I’m in no position to negotiate, but here’s the fiscal stimulus I’d do:

    1. A payroll tax cut on the empler share, to reduce wage costs, overcome sticky wages.

    2. Go back to 26 weeks UI, but give every worker on UI a big lump sum bonus check, to make up for the average amount of weeks they’d lose by cutting UI from 99 weeks to 26 weeks.

    Those two boost AD a little, and AS a lot. I think the recent labor market data suggests that while the problem is still mostly AD, we do have some AS issues. I’d like to see fiscal stimulus used creatively to try to address that.

    After we leave this recession the Fed needs to tell us how they will avoid the next zero bound. If they can’t give us a convincing answer, then we need a higher implicit inflation target. The current situation is an outrage, much worse than going from 2% to 3% inlfation.

    Everyone, I’m running behind (two new posts) so I’ll address the other comments tomorrow.

  110. Gravatar of Doc Merlin Doc Merlin
    2. March 2011 at 20:25

    @Mark A. Sadowski
    “Mundell-Flemming is usually saved for graduate school (who cares, after all we’re a big country).”

    That part annoys me, as we have some of the highest capital mobility (across our borders) in the world, so in a lot of ways we should be like a small country.

  111. Gravatar of Mark A. Sadowski Mark A. Sadowski
    2. March 2011 at 20:33

    Doc,
    Haha! Sorry to annoy you, but I believe the convention is very practical from a U.S. perspective. (The caveat being that everyone greatly interested in macro should know everything, of course.)

  112. Gravatar of Scott Sumner Scott Sumner
    3. March 2011 at 05:47

    Richard, I’m not sure, but one argument I’ve seen from Keynesians is that fiscal stimulus raises interest rates, and this raises velocity, and this raises NGDP.

    Morgan, Yes, high oil prices are a sign of prosperity, if demand is raising prices. But if supply is falling. . .

    Full employment hawk; You said;

    “This will happen even if the central bank holds the money supply constant. This is because as output and income increase, the demand for money increases. When the demand for money increases with a fixed supply of money this raises the interest rate. Since the velocity of money is directly related to the interest rate, the increased velocity will permit the fixed amount of money to circulate the larger volume of transactions that result from the increased income and output.”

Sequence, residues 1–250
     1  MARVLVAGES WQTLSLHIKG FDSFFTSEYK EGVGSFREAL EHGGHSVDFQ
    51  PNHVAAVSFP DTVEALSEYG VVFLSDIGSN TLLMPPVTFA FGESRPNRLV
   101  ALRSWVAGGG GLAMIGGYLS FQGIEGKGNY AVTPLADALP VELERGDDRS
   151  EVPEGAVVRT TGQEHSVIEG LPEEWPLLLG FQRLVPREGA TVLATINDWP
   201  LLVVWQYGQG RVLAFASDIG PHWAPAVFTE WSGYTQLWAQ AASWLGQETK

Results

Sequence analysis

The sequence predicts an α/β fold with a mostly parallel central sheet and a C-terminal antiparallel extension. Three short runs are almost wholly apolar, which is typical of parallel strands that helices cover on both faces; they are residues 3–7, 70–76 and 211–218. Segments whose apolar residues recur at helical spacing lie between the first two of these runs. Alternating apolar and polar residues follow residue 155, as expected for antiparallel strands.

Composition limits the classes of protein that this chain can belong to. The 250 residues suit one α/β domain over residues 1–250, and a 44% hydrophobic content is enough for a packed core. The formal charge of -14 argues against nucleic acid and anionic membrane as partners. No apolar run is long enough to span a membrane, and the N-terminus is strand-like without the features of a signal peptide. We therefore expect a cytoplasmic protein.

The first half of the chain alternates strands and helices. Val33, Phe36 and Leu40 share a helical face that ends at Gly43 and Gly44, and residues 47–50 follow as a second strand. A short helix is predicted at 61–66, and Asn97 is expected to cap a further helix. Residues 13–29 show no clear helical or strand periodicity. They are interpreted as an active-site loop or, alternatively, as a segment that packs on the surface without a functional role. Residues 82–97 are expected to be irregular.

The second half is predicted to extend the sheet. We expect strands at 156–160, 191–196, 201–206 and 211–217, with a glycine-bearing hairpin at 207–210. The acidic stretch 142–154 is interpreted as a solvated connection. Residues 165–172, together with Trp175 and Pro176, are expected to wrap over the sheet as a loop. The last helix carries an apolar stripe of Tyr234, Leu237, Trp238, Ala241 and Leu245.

One small correction. If money supply is fixed, and money demand rises, then ipso facto the value of money rises. But a higher value of money is deflation. You statement would have been correct if you replaced more demand for money with more demand for credit. This raises rates, and velocity.

    Andy, You said;

    “The government doesn’t have to spot bubbles, just spot interest rates that are low enough to create a serious risk of asset price volatility. It doesn’t need to see when assets are mispriced, only when they are difficult to price, which is a much easier task. Ideally, these fiscal easings to drive up interest rates and prevent asset price instability would be counterbalanced by fiscal tightenings when interest rates are too high, so as to shift resources toward private investment.”

    I’m not sure it is all that easy to determine when rates are low, doesn’t that imply an ability to forecast the future movements of long term TIPS prices? But even so, I don’t think low rates cause bubbles. We’ve had two significant bubbles in my lifetime, and one was associated with low rates while the other wasn’t. Some would call the 1987 stock market a bubble, but rates weren’t low. Ditto for 1929. My view is that bad regulation caused the housing bubble. Some point to foreign bubbles in places like Ireland. But Britain, Canada, Australia, New Zealand, etc. didn’t have bubbles. In those countries prices are still roughly at early 2005 levels, or higher. And Ireland had extremely bad regulation.

    Mike, Reich’s statements are surprisingly good. I thought he had a different view a few months back.

    Leftoutside, Thanks for the link.

    Marcus, Yes, I wish he’d simply said the Taylor Rule is inefficient, and we should target he forecast.

    Here’s an interesting study for someone. Calculate the gap between Taylor rule rate settings and actual fed funds settings. Then correlate this gap with the inflation forecast from the TIPS markets (say 2 years, or 5 years.) I doubt you’d find much correlation. I think often when the TR says rates are too low, the TIPS markets would say they’re too high.

    Morgan, Grading papers. I have to earn money some way, because all you freeloaders aren’t paying me for this blog.